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First Day of the Blog

Just a reminder, this is the first blog entry which means that it is the oldest. I reversed the order so it could be read like a book. Think of it as Chapter 1.

Today is the first day of my blog from beautiful Kabul, Afghanistan. I decided to start this blog because I have had such an overwhelming response from all of the wonderful people that have written me through Soldier's Angels and Any Soldier. I have received so many letters and care packages from people back home that I thought that it would be a great way for everyone to keep in touch. I have received mail from class rooms, senior centers, and people young and old throughout the U.S.. I had no idea that there was so many wonderful people out there. I encourage you to post a comment. I would like to know what you think of my site.

I decided to title my blog 6 Months In Kabul for obvious reasons. I actually today I only have 19 weeks, or 137 days, or 3,197 hours or 191,823 minutes left, but who is counting. In case you were wondering what a shazdoc is, I am not sure either. I was told by one of the students that writes to me that being a doctor is the shaz. I thought that it was a really funny word and it gave me a good laugh when I heard it. She guarantees me that it is a good thing.

For those of you that do not already know, I am a Family Practice physician. I was told one fateful day in June, while I was busy with a full schedule of patients, that I needed to pack my bags because I was going to deploy to Kabul, Afghanistan for 6 months. Of course, my initial response was shock, then I have to admit, a small bit of grief, then later I decided that like any other challenge in life, you just have to make the best of it.

My favorite quote of all time was from Richard Nixon's final farewell speech from Aug 8th, 1974:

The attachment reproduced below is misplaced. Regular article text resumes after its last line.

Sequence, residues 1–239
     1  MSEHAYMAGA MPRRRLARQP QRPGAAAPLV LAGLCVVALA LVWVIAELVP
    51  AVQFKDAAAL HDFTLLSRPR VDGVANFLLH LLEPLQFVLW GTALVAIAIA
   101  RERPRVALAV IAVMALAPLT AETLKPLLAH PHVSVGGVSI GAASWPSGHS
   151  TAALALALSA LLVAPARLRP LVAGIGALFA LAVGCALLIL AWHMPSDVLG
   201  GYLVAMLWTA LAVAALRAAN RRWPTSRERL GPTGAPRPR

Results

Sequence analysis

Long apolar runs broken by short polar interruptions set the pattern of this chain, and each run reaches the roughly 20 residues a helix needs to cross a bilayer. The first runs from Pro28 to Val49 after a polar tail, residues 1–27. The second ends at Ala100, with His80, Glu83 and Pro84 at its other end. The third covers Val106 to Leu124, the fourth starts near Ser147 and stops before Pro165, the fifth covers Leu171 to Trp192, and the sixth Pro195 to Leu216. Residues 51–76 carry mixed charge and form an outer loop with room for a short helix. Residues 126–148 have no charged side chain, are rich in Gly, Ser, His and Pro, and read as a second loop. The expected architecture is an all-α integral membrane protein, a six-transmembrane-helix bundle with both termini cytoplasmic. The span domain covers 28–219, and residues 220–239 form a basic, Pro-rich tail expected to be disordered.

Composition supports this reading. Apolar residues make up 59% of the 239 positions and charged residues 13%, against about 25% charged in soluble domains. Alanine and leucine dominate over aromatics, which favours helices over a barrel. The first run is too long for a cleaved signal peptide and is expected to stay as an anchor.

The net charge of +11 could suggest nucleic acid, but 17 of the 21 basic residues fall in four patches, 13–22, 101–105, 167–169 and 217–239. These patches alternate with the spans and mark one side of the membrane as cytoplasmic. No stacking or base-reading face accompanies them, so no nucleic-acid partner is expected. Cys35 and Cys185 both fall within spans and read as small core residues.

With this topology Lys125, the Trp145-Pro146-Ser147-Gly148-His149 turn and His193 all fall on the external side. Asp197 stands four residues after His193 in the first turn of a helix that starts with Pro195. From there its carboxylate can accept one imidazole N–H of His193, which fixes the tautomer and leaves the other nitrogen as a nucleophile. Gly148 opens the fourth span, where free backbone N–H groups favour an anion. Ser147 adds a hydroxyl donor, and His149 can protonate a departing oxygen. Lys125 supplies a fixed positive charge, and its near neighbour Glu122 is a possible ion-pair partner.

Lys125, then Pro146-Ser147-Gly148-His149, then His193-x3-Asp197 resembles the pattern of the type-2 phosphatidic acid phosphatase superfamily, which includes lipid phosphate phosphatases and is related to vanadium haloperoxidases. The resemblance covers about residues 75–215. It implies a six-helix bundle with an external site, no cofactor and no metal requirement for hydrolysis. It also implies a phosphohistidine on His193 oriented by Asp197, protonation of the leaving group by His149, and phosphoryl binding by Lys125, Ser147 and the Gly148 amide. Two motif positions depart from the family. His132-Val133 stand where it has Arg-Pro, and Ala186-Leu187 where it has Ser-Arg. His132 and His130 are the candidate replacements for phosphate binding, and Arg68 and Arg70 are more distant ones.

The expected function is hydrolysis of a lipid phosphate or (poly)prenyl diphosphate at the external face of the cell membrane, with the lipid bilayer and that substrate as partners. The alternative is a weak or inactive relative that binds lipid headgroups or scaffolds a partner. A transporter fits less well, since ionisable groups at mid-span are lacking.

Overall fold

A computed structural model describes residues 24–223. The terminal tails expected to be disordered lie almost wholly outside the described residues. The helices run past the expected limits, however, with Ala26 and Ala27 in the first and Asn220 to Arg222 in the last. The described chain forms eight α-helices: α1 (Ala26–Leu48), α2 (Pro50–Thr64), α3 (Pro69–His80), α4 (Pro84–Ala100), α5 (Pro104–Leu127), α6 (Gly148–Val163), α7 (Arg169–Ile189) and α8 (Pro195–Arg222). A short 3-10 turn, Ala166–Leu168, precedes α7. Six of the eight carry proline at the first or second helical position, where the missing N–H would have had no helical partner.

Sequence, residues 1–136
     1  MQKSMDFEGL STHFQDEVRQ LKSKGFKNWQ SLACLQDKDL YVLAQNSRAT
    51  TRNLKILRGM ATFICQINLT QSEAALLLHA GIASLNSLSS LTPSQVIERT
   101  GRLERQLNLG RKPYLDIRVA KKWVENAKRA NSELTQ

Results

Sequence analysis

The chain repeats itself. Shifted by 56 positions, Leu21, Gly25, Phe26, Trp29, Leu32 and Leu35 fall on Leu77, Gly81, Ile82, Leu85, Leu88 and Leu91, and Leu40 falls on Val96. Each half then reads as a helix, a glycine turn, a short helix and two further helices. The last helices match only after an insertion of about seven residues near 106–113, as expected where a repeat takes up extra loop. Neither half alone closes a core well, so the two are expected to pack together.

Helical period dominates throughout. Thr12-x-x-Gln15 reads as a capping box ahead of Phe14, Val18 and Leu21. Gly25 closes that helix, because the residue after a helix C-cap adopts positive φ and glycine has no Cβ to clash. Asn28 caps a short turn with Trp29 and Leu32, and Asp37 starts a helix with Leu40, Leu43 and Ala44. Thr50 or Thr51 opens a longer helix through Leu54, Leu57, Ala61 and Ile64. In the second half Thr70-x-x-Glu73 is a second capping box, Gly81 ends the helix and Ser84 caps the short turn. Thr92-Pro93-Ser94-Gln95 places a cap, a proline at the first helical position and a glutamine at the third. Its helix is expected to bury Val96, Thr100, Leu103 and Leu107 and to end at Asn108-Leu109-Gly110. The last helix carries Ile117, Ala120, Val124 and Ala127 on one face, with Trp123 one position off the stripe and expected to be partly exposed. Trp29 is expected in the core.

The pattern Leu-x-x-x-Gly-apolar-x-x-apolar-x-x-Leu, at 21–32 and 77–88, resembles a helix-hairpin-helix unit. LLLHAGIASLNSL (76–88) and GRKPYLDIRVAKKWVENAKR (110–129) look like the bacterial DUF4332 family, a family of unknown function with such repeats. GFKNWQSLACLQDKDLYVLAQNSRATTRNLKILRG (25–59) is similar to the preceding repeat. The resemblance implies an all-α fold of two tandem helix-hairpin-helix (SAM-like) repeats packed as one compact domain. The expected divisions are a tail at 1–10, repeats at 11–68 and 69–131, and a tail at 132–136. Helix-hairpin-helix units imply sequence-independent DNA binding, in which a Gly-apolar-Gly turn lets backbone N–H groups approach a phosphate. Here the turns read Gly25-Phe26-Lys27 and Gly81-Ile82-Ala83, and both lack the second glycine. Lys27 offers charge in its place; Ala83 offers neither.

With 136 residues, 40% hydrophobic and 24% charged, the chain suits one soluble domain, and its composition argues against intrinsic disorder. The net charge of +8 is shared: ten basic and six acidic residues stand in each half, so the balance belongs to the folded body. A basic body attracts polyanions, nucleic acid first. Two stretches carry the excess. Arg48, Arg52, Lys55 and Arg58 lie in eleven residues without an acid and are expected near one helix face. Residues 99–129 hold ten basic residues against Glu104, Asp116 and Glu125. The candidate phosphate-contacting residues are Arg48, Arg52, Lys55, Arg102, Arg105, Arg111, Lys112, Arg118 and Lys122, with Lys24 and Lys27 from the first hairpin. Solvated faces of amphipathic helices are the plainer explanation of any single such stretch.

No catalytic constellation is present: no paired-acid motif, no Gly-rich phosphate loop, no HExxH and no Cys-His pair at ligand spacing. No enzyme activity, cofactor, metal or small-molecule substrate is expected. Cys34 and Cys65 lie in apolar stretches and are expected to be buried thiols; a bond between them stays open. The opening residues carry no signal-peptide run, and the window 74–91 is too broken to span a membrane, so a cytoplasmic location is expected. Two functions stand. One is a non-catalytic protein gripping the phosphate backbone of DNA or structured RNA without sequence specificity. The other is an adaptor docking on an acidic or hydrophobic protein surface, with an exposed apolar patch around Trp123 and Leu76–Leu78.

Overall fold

"It is only a beginning, always. The young must know it; the old must know it. It must always sustain us, because the greatness comes not when things go always good for you, but the greatness comes and you are really tested, when you take some knocks, some disappointments, when sadness comes, because only if you have been in the deepest valley can you ever know how magnificent it is to be on the highest mountain. "

Yes, I was in that deep valley for a short while because, after all, I was going to be away from my family for 6 months and, like everyone else, I had heard of all the really bad things that were going on over here.

I had a week to gather my stuff and fly off to Fort Riley, Kansas where I spent 2 months preparing for my deployment. At Fort Riley I did a lot of Army basic training. I got qualified on a lot of different weapons, I learned to drive a HUMVEE, operate radios, practiced convoy exercises, land navigation and many other combat related activities. I also had a number of Dari classes and "Leader Meets" where we practiced the art of communicating with Afghan nationals through the use of an interpreter. The Army tried to make the training as realistic as possible. We regularly heard Muslim prayer through a loud speakers and we even had a number of exercises where locals from the community were dressed as Afghans. There was also a "Heat Trainer" which is a real HUMVEE that is rigged to spin 360' to prepare us for a rollover.

I arrived in Kabul in Aug after a short stop at Manas Air Base in Kyrgyzstan. I am currently staying at Camp Phoenix. The best way I could describe this base is it is very flat with wall-to-wall concrete. It has a ton of small wooden houses staked in real close (we call them B-huts). It gets very dusty at times especially when helicopters fly in. Outside the base the landscape somewhat reminds me of Phoenix, AZ but with a lot more pollution. Camp Phoenix is actually one of the better bases. It has a lot of very nice amenities. I hesitate to mention all of them because I afraid that everyone will stop sending me care packages when they learn how nice it is over here. : )

I work with 3 other really nice people, one of them is also a doctor and the other 2 work in health care related jobs. Our mission is to open up a new clinic. We recently toured their old clinic. Their current clinic does not even have running water! The clinic will not only be available to the police but also to their family members as well. I know that when it opens it will have a big impact on their lives. I am really proud to be a part of this mission.

I hope you enjoy this blog. Please feel free to add a comment if you like.

This post first appeared on 6 Months In Kabul, please read the originial post: here

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First Day of the Blog


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